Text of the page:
Vic

More Victorian students diagnosed with severe behaviour disorders

Ashley Argoon

Victorian school kids are being diagnosed with severe behaviour disorders at rocketing rates as a principal claims children have to reach “crisis level” before they get support.

The number of children funded for severe behaviour — disruptive and sometimes violent conduct — is escalating, with almost double the cases to four years ago.

Ballarat Tech School will host The Lab for 10-16 year olds with ASD interested in technology

Michelle Smith

Young people with Asperger's Syndrome or high functioning autism and an interest in technology will have a new place to come together when The Lab begins in Ballarat next month.

The Lab offers individual and group mentoring, for children aged 10 to 16 on the autism spectrum, from IT professionals in web and digital design, programming and game making in a fun and safe place where they can socialise with others who share their interests.

Man jailed over brutal, sustained attack on victim with Asperger syndrome

Relatives of Timothy Mason depart the County Court of Victoria
after the sentence was handed down.

A man who terrorised and beat a victim with Asperger syndrome for hours in regional Victoria has been jailed for at least eight years and eight months.

Timothy Mason, 27, was today sentenced to a total of 12 years and four months in prison by the County Court over the February 2018 crime at Geelong.

Mason kidnapped, beat and terrorised a man for up to 20 hours, leaving the victim unrecognisable to his mother.

'I can't change what happened to Matty': family of disabled man sues state over rape

Jewel Topsfield

When Maria Thomas was told her autistic son had been raped in the bathroom of his group home the missing piece of a ghastly puzzle fell into place.

Ms Thomas had been haunted by a change in her son Matthew’s behaviour but because he is non-verbal she couldn’t work out what had happened.

Letter: Our health: Don't forget low-functioning autistic people, please

Congratulations, Clem Bastow. Finally, at the age of 36, you received a diagnosis of autism spectrum disorder (The Age, 12/12). You had spent your life wondering why you were the way you were and felt the way you did and, no doubt, were filled with frustrations and other negative feelings.

What I find concerning about autism diagnosis in cases such as yours – and which are currently being talked about so much – is that people in general seem to believe most autistic people are high functioning and can live productive lives.

I was diagnosed as on the spectrum at 36, suddenly things made sense

There have been only a handful of times in my life where I felt truly “seen”: one was my first visit to San Diego Comic-Con, and the other was my diagnosis, at 36, of autism spectrum disorder (ASD).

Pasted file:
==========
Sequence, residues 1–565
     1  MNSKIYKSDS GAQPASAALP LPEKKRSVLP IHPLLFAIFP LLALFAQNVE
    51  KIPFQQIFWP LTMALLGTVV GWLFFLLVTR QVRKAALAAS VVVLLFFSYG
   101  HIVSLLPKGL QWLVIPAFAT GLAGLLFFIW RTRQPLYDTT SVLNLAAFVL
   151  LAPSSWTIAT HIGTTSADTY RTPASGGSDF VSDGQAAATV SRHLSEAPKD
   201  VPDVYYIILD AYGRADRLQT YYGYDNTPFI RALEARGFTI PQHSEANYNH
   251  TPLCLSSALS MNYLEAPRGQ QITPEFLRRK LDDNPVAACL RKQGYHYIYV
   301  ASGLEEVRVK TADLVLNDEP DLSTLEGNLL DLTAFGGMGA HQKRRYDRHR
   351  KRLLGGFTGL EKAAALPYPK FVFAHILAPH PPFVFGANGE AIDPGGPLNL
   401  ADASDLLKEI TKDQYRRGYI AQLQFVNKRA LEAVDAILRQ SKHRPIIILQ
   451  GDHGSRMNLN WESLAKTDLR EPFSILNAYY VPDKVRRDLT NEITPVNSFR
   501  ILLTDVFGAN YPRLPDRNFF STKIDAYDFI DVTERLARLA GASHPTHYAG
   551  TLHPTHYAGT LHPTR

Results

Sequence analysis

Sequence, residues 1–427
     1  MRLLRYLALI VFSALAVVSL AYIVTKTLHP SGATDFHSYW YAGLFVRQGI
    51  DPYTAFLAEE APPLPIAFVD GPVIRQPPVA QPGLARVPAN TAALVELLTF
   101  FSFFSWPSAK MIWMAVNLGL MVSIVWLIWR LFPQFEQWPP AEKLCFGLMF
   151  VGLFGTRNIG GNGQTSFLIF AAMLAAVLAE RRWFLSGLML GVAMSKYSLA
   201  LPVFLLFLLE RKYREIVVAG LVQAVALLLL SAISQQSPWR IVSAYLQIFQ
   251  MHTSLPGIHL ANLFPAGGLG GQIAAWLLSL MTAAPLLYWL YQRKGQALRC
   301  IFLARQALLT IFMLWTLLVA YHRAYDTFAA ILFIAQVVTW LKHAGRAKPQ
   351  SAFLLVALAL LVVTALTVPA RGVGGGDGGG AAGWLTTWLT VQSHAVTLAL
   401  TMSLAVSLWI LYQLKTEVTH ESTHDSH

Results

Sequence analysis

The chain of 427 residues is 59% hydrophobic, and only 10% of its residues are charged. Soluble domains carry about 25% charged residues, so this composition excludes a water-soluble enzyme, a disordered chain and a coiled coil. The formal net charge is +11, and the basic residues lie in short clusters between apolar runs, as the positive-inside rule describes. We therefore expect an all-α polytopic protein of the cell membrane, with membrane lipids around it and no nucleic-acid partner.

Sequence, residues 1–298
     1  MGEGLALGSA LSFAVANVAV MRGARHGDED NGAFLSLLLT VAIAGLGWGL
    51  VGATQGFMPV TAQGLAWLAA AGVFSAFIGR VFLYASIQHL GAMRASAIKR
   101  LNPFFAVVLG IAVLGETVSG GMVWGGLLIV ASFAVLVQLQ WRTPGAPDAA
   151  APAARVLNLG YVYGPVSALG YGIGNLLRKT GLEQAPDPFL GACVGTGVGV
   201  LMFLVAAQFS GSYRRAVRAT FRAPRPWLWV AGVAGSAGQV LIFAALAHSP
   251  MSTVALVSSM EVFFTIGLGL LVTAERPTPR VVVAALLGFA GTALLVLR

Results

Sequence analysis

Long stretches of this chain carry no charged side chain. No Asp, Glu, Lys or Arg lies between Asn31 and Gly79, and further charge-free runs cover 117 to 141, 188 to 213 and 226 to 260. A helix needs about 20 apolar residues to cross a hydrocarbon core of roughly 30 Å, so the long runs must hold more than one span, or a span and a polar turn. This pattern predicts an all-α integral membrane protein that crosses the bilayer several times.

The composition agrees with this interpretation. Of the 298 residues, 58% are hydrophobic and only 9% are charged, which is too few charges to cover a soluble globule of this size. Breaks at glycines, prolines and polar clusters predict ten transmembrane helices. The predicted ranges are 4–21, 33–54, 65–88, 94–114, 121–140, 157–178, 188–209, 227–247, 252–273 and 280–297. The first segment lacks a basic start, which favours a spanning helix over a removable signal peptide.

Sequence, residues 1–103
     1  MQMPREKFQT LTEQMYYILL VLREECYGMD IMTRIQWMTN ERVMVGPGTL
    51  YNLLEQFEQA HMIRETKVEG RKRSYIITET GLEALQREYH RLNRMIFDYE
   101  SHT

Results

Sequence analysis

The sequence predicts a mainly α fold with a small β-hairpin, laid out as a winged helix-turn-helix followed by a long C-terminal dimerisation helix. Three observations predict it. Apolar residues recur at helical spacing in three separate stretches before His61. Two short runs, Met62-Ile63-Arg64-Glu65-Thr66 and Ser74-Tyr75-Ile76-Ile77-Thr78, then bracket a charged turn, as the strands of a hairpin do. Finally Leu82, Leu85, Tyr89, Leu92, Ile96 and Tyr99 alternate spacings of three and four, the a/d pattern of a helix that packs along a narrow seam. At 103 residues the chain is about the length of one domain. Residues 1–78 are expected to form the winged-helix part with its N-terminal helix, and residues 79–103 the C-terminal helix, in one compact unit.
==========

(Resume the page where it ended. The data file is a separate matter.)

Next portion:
After a lifetime of feeling distinctly different, I was so thrilled to finally have answers that I half hoped the consulting psychologist delivering my results might tack a “congratulations” on to their assessment.

Clem Bastow knew she felt different, but it took until the age of 36 that she got a diagnosis.Credit:Kristoffer Paulsen

Young children with autism can thrive in mainstream childcare

Kristelle Hudry, La Trobe University and Cathy Bent, La Trobe University

Much of the research about including children with autism in mainstream classrooms is focused on school-aged children. Growing numbers of children with autism are diagnosed in toddlerhood, so there is increasing relevance for the early-childhood sector. Our new research shows, with support, educators can effectively include and teach children on the spectrum in mainstream childcare, alongside their non-autistic peers.

Programs to support learning in key areas - language, cognition and independence skills - have been found to be effective for many children with autism. But we need options that are also affordable and accessible within children’s local communities. Many families ferry children around to appointments with different professionals, employ therapists to come into the home, or travel long distances to specialist centres.

Children with autism show improvements in mainstream schooling

Children with autism do just as well in mainstream education as they do in specialised facilities, a new study has found.

In a world first, researchers at La Trobe University found children on the autism spectrum have flourished in mainstream classes and have had no negative impacts on other kids in their learning groups.

Duncan was one of 44 toddlers involved in a study that put children with autism in classes with children who don't to see if they coped better in a tailored facility.

Joel's journey inspires at living with autism forum

Heidi Kraak

Thirty-two year old Joel Wilson's story is perhaps not very different from a lot of other people, but that, he says, is why it is an important story to tell.

Diagnosed with aspergers, now acknowledged as part of the autism spectrum disorder, as a teenager, Mr Wilson shared his life story at an autism forum in Traralgon recently to show young people with autism in the community and their families that an autism diagnosis does not preclude someone from a "normal life".

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